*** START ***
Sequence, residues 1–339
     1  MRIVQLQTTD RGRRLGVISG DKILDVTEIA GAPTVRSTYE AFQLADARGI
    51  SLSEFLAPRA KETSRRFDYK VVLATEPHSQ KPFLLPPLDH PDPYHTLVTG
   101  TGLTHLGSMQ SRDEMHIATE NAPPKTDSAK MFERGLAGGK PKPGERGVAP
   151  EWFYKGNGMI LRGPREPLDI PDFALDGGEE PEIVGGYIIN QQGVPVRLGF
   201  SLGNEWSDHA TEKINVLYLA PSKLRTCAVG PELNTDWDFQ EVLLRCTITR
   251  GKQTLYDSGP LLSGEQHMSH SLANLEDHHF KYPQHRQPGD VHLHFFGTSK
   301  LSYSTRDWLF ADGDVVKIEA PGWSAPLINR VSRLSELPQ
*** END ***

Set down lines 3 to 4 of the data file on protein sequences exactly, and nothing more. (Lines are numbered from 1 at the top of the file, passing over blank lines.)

    51  SLSEFLAPRA KETSRRFDYK VVLATEPHSQ KPFLLPPLDH PDPYHTLVTG
   101  TGLTHLGSMQ SRDEMHIATE NAPPKTDSAK MFERGLAGGK PKPGERGVAP